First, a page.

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We have considered Ekiz et al’s(1) kind comments made with regard to our article, “Neurogenic heterotopic ossification after a stroke: diagnostic and radiological challenges”.(2) We acknowledge that ultrasonography is a useful tool for the evaluation of musculoskeletal lesions. Ultrasonography is widely available, is generally cheaper than computed tomography (CT) and magnetic resonance (MR) imaging, and has no ionising radiation, and the advantages of this imaging technique are widely known.
However, ultrasonographic evaluation is essentially operator dependent, and often, misdiagnosis may result from inexperience. In our institution, cross-sectional imaging (i.e. CT or MR imaging) is the next intuitive step of evaluation upon encountering an ossifying lesion of the hip on plain radiography. Moreover, the often equivocal findings of ultrasonography would eventually lead the clinician to order CT or MR imaging for further diagnostic clarity.
From a technical standpoint regarding ultrasonography, the acoustic shadowing encountered when imaging bony lesions often does not allow one to determine the amount of ossification of the lesion, and detailed evaluation is deferred to further CT or MR imaging. Further imaging allows for confident exclusion of other differential diagnoses such as bone tumours, which are often not well appreciated on ultrasonographic evaluation.(3,4)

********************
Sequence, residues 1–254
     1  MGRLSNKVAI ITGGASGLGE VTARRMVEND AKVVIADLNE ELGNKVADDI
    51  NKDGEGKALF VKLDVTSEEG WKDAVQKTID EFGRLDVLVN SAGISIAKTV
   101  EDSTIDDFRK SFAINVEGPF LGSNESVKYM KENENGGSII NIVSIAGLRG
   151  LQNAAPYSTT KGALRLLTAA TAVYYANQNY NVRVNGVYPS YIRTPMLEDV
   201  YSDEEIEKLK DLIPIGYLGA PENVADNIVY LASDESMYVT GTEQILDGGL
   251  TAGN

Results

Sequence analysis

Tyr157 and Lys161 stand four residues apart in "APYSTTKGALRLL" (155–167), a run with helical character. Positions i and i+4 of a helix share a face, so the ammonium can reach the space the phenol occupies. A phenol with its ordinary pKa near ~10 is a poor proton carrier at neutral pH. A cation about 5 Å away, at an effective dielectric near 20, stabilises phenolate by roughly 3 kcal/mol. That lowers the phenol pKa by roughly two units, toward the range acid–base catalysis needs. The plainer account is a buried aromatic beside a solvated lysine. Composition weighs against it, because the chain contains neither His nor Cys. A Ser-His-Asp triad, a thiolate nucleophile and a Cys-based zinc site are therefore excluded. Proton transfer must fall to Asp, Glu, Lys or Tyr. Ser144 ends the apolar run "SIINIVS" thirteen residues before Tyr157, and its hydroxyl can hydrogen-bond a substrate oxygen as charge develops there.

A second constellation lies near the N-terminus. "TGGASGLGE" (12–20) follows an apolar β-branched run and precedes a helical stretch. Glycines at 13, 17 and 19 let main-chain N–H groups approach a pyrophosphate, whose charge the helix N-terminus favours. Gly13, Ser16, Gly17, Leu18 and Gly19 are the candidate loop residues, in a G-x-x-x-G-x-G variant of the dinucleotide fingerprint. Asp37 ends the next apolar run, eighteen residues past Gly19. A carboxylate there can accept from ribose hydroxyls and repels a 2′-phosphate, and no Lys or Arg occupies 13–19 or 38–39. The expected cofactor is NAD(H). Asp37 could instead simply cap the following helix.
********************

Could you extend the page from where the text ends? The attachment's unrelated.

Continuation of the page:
In summary, we feel that the role of ultrasonography in identifying cases of neurogenic heterotopic ossification is limited by the level of operator experience with regard to the imaging technique. Ultrasonography is superior in the evaluation of soft tissue lesions, but we feel that CT and/or MR imaging are often more reproducible, and these two imaging techniques have superior specificity when evaluating bony lesions.(3,4)
Chong Han Pek1, Mei Chin Lim2, Ren Yong1, Ho Poh Wong1
1Department of Orthopaedic Surgery, 2Department of Diagnostic Radiology, Tan Tock Seng Hospital, Singapore. email@example.com
|1. Ekiz T, Yıldızgören MT, Yetişgin A. Musculoskeletal ultrasonography bypasses the diagnostic and radiological challenges in heterotopic ossification. Singapore Med J 2014; 55:604.
|2. Pek CH, Lim MC, Yong R, Wong HP. Neurogenic heterotopic ossification after a stroke: diagnostic and radiological challenges. Singapore Med J 2014; 55:e119-22.
|3. Mintz DN, Hwang S. Bone tumor imaging, then and now: review article. HSS J 2014; 10:230-9.
|4. Morley N, Omar I. Imaging evaluation of musculoskeletal tumors. Cancer Treat Res 2014; 162:9-29.